Latest Documents


  • 16-March-2016

    English

    Measuring skills shortages in real time

    Discussion on how technology helps measuring skills shortages in real time

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  • 15-March-2016

    English

    Health Workforce Policies in OECD Countries - Right Jobs, Right Skills, Right Places

    Health workers are the cornerstone of health systems, playing a central role in providing health services to the population and improving health outcomes. The demand and supply of health workers have increased over time in all OECD countries, with jobs in the health and social sector accounting for more than 10% of total employment now in several OECD countries. This publication reviews key trends and policy priorities on health workforce across OECD countries, with a particular focus on doctors and nurses given the preeminent role that they have traditionally played in health service delivery.

     

  • 15-March-2016

    English, PDF, 381kb

    Fact sheet: Trends in Medical Education and Training in the Netherlands

    Following this medical degree, new medical graduates can apply to enter in four different types of post-graduate clinical training programmes that are of various length: general practice (lasting 3 years), more than 30 different medical or surgical specialties (lasting 4 to 6 years), public health specialty (lasting 2.5 to years), or nursing home specialist (lasting 2 years).

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  • 15-March-2016

    English, PDF, 311kb

    Fact sheet: Trends in Medical Education and Training in Australia

    Entry to initial medical education in Australia can either occur directly following the completion of secondary school (entry to undergraduate medical education) or following the completion of a bachelor degree in any field (entry to graduate medical education). In 2014, 18 medical schools offered medical education programs in Australia.

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  • 15-March-2016

    English, PDF, 382kb

    Fact sheet: Trends in Medical Education and Training in Ireland

    Entry to medical education in Ireland can occur in two ways: students can access it directly from secondary school (in which case it takes them 5 to 6 years to complete the programme) or after receiving a first bachelor degree (in which case the programme can be completed in 4 years).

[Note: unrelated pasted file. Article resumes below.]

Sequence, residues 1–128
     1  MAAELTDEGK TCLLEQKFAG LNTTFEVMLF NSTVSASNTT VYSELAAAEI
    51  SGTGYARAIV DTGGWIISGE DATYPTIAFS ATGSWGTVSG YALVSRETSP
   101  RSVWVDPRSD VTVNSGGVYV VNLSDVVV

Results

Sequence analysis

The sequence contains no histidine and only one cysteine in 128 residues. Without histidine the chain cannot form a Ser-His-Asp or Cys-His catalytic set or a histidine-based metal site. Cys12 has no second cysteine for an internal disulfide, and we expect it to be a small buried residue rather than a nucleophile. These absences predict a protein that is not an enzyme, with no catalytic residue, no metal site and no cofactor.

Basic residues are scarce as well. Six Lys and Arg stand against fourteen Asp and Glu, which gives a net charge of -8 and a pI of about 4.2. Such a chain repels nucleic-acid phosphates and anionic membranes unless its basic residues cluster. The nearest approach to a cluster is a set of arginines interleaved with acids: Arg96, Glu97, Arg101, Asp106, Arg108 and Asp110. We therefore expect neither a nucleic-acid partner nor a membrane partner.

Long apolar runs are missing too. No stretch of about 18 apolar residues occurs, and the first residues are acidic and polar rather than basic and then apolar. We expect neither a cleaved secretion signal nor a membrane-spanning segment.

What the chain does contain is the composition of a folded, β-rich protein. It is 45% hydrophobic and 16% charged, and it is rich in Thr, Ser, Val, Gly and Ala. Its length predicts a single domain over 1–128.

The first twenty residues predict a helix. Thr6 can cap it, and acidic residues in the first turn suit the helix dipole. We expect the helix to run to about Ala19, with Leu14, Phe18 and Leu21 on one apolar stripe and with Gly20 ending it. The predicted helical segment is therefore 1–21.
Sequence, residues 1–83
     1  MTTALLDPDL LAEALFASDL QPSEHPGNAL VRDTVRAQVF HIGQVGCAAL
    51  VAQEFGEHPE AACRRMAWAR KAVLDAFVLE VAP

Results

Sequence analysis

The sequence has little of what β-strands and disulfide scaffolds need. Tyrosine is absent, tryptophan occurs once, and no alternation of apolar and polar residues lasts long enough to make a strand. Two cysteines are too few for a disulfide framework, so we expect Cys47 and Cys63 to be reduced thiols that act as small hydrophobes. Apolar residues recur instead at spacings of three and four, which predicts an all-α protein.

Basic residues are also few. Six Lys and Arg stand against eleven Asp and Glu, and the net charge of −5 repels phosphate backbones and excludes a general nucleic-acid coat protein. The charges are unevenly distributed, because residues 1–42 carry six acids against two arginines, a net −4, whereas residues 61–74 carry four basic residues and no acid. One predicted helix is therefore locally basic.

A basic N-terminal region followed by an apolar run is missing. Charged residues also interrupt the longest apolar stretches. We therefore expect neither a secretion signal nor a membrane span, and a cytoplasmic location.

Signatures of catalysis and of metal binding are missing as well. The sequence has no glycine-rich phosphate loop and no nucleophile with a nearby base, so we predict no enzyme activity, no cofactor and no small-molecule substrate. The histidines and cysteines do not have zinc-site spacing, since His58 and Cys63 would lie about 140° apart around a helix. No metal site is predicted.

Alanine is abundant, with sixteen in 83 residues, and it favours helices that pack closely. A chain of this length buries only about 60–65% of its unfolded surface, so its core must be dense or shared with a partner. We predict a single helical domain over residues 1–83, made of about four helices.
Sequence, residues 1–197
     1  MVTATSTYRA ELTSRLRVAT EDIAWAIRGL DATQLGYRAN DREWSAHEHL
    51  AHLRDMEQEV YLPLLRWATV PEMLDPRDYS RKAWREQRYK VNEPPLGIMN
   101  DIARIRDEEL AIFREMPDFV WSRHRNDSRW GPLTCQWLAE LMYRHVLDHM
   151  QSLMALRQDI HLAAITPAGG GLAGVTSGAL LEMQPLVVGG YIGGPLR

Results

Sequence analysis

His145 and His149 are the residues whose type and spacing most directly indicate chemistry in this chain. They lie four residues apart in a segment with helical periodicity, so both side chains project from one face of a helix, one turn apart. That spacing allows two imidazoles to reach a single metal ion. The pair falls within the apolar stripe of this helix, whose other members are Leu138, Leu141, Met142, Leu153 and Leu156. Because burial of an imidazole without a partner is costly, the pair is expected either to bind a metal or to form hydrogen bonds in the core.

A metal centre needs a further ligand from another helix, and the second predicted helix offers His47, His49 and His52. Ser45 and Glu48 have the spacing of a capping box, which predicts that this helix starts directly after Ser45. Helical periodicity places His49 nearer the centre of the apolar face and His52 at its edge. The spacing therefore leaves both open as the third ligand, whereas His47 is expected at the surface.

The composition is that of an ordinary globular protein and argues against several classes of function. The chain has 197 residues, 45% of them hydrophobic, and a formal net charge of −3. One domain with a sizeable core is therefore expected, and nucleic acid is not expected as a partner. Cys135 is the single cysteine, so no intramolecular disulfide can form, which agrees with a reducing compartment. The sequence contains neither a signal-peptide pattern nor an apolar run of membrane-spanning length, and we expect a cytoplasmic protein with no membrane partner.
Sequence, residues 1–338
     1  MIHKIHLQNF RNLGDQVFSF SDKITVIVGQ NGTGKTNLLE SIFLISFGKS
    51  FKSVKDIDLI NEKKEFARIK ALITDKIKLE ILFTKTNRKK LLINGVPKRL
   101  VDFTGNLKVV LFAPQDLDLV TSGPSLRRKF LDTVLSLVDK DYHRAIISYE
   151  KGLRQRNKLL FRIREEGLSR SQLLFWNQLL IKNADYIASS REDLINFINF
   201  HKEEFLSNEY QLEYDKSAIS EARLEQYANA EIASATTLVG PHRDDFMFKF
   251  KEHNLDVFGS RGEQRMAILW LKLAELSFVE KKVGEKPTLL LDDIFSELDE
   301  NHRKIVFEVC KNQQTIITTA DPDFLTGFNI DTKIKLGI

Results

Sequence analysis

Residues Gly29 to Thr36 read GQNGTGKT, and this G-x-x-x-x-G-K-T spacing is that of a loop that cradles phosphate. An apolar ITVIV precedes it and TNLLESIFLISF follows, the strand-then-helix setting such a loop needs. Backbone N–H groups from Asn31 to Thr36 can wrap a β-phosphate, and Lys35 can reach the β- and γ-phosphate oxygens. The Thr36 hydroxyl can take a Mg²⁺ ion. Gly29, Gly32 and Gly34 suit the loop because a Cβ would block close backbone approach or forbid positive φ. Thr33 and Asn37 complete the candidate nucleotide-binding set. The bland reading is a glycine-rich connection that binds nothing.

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  • 15-March-2016

    English, PDF, 317kb

    Fact sheet: Trends in Nursing Education in the United States

    There are two broad categories of nurses in the United States: licensed practical nurses (LPNs) or licensed vocational nurses (LVNs, and registered nurses (RNs). In addition, graduates from RN programs can pursue further education at the master’s (or doctorate) level to become Advanced Practice Registered Nurses (APRNs).

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  • 15-March-2016

    English, PDF, 432kb

    Fact sheet: Trends in Medical Education and Training in Canada

    To become a doctor in Canada, a student can therefore expect 9 to 13 years of university education and post-graduate training, depending on the area of specialisation.

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  • 15-March-2016

    English, PDF, 465kb

    Fact sheet: Trends in Medical Education and Training in the United States

    New medical graduates then pursue their clinical specialty training (internship/residency), with the length of the training varying depending on the specialty. Overall, to become a doctor in the US, on average, a student can expect 10 to 16 years of higher education and post-graduate training.

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  • 15-March-2016

    English, PDF, 303kb

    Fact sheet: Trends in Medical Education and Training in Greece

    The Ministry of Health is responsible for post-graduate medical training and determining the number of positions available. Once registered with the Physicians Association, application for post-graduate training is possible. The funding for post-graduate training comes from the National Health Service budget.

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  • 15-March-2016

    English, PDF, 311kb

    Fact sheet: Trends in Medical Education and Training in Italy

    Entry to medical education in Italy follows the completion of high-school education and the grades obtained in a national exam, and it is subject to a numerus clausus (i.e., annual quota) set by the Ministry of Education, University and Research. It takes about six years for students to complete the first medical degree.

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